Being a Team: A New Perspective on the Parent-Child Relationship

Being a Team Right now I’m working through the  Motivate Your Child Action Plan and listening to the audio sessions as part of my work on the Motivate Your Child Action Plan launch team.  This afternoon I was listening to one of the audio sessions, and on the session, Scott Turansky made a statement that I found really instructive as a parent.

He said that in parenting it’s better to take a coaching or teamwork perspective.  In other words, you and your child are a team and you’re partnering to make the changes that you need to see in your home.  He said that far too often parents let problems with their children come between them and their child.  These problems can drive a wedge between you and your child and keep you from having the relationship that allows you to be effective at effective changes in your child’s life.

I realized as I listened to the audio session that I had allowed that to happen in my life.  You know, you hear so often from other parents that you and your husband are a team.  It’s like you’re supposed to be a team against your own children.  You know, the people who you don’t want to lose.  After all, you want them to be successful and to help them overcome the difficulties and bad things in their lives.  So, how could you ever be a team against your children?  That seems like a team where everyone loses out.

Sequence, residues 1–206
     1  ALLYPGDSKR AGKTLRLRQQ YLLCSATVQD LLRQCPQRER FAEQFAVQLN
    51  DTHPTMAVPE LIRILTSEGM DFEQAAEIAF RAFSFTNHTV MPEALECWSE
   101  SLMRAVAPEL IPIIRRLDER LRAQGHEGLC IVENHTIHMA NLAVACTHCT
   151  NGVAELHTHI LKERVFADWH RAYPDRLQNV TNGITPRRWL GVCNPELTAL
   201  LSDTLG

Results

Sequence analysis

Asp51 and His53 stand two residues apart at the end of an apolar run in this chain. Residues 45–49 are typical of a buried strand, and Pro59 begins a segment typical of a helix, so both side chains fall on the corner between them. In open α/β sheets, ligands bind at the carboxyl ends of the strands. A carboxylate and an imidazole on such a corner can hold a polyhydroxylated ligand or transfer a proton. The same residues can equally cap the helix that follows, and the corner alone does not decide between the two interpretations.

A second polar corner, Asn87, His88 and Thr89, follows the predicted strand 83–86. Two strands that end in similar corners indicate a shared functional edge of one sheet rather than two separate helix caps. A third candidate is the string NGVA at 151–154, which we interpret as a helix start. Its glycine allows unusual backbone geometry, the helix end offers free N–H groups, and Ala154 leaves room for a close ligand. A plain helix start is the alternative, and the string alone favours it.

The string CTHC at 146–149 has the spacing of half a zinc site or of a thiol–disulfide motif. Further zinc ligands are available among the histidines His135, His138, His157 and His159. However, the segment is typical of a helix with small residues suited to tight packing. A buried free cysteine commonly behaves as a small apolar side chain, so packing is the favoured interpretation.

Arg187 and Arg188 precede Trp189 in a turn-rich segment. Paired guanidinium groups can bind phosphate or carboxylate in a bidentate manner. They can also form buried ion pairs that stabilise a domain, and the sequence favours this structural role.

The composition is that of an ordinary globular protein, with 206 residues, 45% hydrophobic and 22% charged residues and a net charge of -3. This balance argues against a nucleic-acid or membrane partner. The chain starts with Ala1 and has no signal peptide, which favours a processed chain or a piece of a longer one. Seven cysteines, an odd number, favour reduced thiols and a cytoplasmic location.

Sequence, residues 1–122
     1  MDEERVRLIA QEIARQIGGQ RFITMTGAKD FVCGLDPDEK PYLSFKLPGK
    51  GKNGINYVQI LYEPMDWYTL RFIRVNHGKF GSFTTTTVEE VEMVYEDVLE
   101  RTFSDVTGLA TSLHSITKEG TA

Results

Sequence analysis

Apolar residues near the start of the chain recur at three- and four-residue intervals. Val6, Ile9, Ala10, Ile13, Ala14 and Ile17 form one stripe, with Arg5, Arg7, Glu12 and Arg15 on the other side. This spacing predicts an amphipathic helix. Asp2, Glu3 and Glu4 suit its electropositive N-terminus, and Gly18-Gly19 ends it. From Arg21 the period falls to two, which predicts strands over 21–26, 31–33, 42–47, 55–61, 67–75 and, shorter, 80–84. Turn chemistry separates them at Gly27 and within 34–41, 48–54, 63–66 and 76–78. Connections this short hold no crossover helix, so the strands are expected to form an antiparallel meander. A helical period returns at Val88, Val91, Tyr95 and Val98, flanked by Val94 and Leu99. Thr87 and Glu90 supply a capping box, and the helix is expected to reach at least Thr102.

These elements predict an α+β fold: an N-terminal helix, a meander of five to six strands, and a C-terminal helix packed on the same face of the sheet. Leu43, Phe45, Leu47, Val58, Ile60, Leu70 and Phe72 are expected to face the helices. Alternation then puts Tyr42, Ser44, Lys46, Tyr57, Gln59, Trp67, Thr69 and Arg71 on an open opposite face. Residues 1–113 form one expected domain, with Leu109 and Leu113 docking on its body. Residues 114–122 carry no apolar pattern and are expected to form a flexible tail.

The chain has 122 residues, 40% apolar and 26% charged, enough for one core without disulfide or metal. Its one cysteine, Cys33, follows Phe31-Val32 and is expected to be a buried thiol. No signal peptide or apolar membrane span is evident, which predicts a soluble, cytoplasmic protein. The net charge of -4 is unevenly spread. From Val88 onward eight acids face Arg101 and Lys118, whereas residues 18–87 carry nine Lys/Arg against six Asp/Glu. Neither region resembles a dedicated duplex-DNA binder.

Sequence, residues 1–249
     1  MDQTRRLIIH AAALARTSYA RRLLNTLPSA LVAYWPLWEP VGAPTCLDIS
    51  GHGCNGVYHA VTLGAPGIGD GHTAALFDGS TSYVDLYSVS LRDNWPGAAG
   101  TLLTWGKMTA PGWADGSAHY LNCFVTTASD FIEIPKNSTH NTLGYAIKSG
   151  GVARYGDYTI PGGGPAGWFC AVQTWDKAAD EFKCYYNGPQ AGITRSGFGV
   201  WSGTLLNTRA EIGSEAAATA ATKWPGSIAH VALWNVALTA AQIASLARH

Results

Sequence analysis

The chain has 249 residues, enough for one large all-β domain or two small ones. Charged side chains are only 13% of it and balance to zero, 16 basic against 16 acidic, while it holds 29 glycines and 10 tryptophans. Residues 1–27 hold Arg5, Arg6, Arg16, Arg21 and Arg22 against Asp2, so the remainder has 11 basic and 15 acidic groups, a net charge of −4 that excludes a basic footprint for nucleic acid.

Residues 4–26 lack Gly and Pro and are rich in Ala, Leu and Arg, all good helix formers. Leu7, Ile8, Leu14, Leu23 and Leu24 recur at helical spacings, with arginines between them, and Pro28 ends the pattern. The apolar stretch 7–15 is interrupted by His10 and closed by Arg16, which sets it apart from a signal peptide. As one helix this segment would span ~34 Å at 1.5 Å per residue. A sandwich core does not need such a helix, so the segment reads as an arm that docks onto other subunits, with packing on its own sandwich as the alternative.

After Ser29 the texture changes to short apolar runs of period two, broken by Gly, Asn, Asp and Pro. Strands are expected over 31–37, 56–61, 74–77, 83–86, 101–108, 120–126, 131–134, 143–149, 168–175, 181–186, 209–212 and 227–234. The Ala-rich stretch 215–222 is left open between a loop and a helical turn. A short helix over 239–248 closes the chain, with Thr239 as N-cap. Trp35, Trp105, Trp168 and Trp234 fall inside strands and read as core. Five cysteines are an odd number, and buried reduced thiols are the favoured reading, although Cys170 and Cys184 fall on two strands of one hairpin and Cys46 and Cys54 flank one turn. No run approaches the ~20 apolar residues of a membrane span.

I had started seeing the trouble that I had with my oldest child’s disrespect and bad attitudes as a personal affront to me.  In my head, it was a battle against him, and it was one that I needed to win.  Instead, I realized that I needed to be working with him to find ways for us to interact that give him the tools he needs to disagree with me without yelling or being disrespectful.

The sad part is that I had recognized this mistake in another mother’s life far before I recognized it in my own.  She was sharing about some difficulty she was having with her child getting out of bed in the middle of the night, and she was giving increasingly harsh punishments.  When I told her I would find a solution where everyone got some sleep, she said that she just couldn’t “let him win.”

I realized how ridiculous it was to fight against a five year old wanting comfort in the middle of the night, but I didn’t realize how ridiculous it was to be holding anger and competing against a ten year old for respect when we both have opinions and voices that deserve to be heard.

I don’t have any solutions I’ve come up with yet.  I’m going to have to work through some of the workbook first.  However, I will share that it lifts a load off my shoulders to realize that I needed to work with my son instead of seeing him as an adversary.



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